The phase displacement between the registers M1 and M2 is illustrated by showing the address pointers P1 and P2, respectively, at different register cells. The solenoid PG at the door 53, also called the pin gate, is controlled by the register M1. The output of the register M1 is connected to an inverted input of an OR gate 111. Each time the register content in the cell, to which the address pointer P1 is pointing, has a "0", which is provided at the register output, the output of the OR gate feeds a "1" signal to a driver circuit 112, which in turn excites the solenoid to prevent the door from being opened by a passing pin.
The pin gate door 53 must also be closed when the HOLD function is in force and the register M1 has the pointer P1 at the cell 1'. Therefore, the HOLD signal from the output of the OR gate 102 is fed to a non-inverted input of an AND gate 113, the output of which is connected to a non-inverted input of the OR gate 111. The four-line digital output of the address counter AC1 is connected to two non-inverted and two inverted inputs of the AND gate 113 such that the AND gate feeds the output of the OR gate 102 to the non-inverted input of the OR gate 111 each time the signal A1 has the number 1. In order to stop further incrementation of the address counter AC1, the output of the AND gate 113 is connected to a STOP input of the delay circuit 95.
The output of the register M2 controls the position lock solenoid PL (placed at the trip rod lever 65) together with the signal A1 and the input signal to the counter AC1 in the following way. The output of the register M2 is fed to an inverted input of an AND gate 114. The input signal of the address counter AC1 is fed to a variable delay circuit VD. This signal is after a certain delay fed to a non-inverted input of the AND gate 114. The delay is dependent on the actual time it takes for a pin delivered to the distributor D to be delivered to the magazine. This time is different for each pin. The output of the address counter AC1 is therefore fed to a control input of the variable delay circuit VD. The delay circuit has a predetermined delay for each address.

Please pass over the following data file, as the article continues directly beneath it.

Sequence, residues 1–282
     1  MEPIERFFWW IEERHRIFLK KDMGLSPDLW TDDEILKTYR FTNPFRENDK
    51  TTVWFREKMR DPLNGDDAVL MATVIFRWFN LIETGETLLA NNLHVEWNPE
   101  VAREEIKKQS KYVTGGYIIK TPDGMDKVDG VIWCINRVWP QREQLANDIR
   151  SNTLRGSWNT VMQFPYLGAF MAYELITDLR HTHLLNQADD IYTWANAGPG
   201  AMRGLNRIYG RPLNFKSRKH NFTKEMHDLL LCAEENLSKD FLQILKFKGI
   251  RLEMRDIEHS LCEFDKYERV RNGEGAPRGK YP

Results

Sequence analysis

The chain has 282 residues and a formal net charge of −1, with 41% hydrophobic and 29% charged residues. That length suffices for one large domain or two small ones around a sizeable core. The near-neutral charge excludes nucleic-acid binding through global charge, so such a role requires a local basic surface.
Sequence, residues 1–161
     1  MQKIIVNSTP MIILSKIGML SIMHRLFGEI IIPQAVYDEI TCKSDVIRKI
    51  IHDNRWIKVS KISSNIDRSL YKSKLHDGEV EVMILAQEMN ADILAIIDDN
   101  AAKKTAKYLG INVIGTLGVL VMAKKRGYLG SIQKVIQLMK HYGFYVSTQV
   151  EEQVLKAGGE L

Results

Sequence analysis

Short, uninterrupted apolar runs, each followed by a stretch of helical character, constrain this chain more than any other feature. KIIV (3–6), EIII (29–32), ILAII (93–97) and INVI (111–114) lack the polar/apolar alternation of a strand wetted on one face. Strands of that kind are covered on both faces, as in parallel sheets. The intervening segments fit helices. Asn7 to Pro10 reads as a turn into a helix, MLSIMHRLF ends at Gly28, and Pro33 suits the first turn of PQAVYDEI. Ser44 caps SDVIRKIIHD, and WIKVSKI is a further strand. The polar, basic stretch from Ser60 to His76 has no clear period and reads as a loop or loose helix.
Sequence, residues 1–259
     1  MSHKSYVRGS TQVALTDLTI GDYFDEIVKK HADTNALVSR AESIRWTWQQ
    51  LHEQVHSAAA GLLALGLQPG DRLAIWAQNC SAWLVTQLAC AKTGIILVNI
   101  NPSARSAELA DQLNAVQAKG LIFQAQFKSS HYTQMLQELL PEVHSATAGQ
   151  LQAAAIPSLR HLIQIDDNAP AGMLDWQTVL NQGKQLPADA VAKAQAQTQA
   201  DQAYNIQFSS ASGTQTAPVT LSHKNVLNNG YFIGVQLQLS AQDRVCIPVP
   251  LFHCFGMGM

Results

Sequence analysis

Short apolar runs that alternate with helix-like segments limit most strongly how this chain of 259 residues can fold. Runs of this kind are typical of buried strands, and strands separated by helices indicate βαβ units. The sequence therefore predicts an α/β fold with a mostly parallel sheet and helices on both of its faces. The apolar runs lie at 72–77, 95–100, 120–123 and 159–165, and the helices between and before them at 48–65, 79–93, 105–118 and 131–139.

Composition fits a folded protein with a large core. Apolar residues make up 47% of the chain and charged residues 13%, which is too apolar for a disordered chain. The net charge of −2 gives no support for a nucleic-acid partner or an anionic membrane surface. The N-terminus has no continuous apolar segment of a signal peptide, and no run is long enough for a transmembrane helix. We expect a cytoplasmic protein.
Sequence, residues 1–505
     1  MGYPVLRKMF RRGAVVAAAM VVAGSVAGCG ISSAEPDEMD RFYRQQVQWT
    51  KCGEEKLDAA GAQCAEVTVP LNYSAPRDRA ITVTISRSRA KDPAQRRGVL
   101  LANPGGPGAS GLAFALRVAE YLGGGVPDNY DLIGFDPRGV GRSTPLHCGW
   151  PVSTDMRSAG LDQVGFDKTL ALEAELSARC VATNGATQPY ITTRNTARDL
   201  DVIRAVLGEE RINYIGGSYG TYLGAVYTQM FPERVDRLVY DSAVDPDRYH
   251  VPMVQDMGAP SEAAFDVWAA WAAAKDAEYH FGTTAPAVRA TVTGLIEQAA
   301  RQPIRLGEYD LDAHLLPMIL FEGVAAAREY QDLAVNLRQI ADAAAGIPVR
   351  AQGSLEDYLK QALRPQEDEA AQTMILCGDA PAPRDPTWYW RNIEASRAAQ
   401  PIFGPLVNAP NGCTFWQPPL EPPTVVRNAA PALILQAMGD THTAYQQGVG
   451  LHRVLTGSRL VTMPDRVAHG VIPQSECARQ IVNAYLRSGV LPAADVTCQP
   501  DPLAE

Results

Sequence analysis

The output of the AND gate 114 is connected to the input of a pulse circuit 115, which feeds a pulse to a driver circuit 116 to excite the solenoid PL each time a "1" signal is provided at the output of the AND gate 114.
The content in the cell 10" in the register M2 is also used to control the magazine release relay MR. A No 9 detect circuit 117 has its input connected to the output of the register M2. The digital output A2 of the address counter AC2 is connected to a control input of the circuit 117. The circuit 117 operates in the following way: when the signal A2 has the number 10, the signal from M2 is stored. When the signal A2 changes to the number 1, the stored content is provided at the output of the circuit 117.
The output of the circuit 117 is fed to the increment input of a No 9 counter 118. The MT signal is fed to the decrement input of the counter 118. The counter 118 can count from 0 to 3. If the count is equal to or greater than 1, the output of the counter 118 is a "1" signal, which is fed to a driver circuit 119. The driver circuit 119 in turn excites the relay MR to close its contact.
The purpose of having the counter 118 in this configuration is to prevent the ordinary control system of the AMF machine from emptying the magazine when the magazine is in fact empty.
When all the register cells in the panel register M0 are filled with "0", it is preferred but not necessary to provide a HOLD function. In order to provide this possibility, the full output - ten output lines - of the register M0 is also connected to a zero detecting circuit 120, which may be an AND gate having ten inverted inputs. The output of the circuit is fed to a forth non-inverted input of the OR gate 102 and also to a non-inverted input of an AND gate 121. The inverted output Q of the flip-flop 104 is connected to a non-inverted input of the AND gate 121, such that a "1" signal is fed to the gate 121 when the flip-flop 104 is reset. The output of the counter 118 is connected to an inverted input of the AND gate 121. The output of the AND gate 121 is fed to a first input of an OR gate 122, which has the output of the circuit 117 on its other input and has its output connected to the counter 118. In this way the machine will stand by if the player has set a spare combination including no pins, and not start a new filling cycle attempting to fill the magazine only with simulated pins, but instead the No 9 counter will be incremented every time it reaches zero, in order to keep the magazine release and pin setting procedure in operation. In this way the "empty lane" practice condition can be achieved as quickly as possible.
While embodiments of the invention have been described in detail, it will be obvious to those skilled in the art that the invention may be embodied otherwise without departing from its spirit and scope.
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|U.S. Classification||473/57, 473/59|
|International Classification||A63D5/08, A63D5/06|
|16 Oct 1989||AS||Assignment|
Owner name: DBA PRODUCTS CO., INC., 22 SKOKIE HIGHWAY, LAKE BL
Free format text: ASSIGNMENT OF ASSIGNORS INTEREST.;ASSIGNORS:EDLER, TOMAS;TARENIUS, HANS;REEL/FRAME:005164/0997
Effective date: 19890830
|11 Feb 1992||REMI||Maintenance fee reminder mailed|
|5 Jul 1992||LAPS||Lapse for failure to pay maintenance fees|
|8 Sep 1992||FP||Expired due to failure to pay maintenance fee|
Effective date: 19920705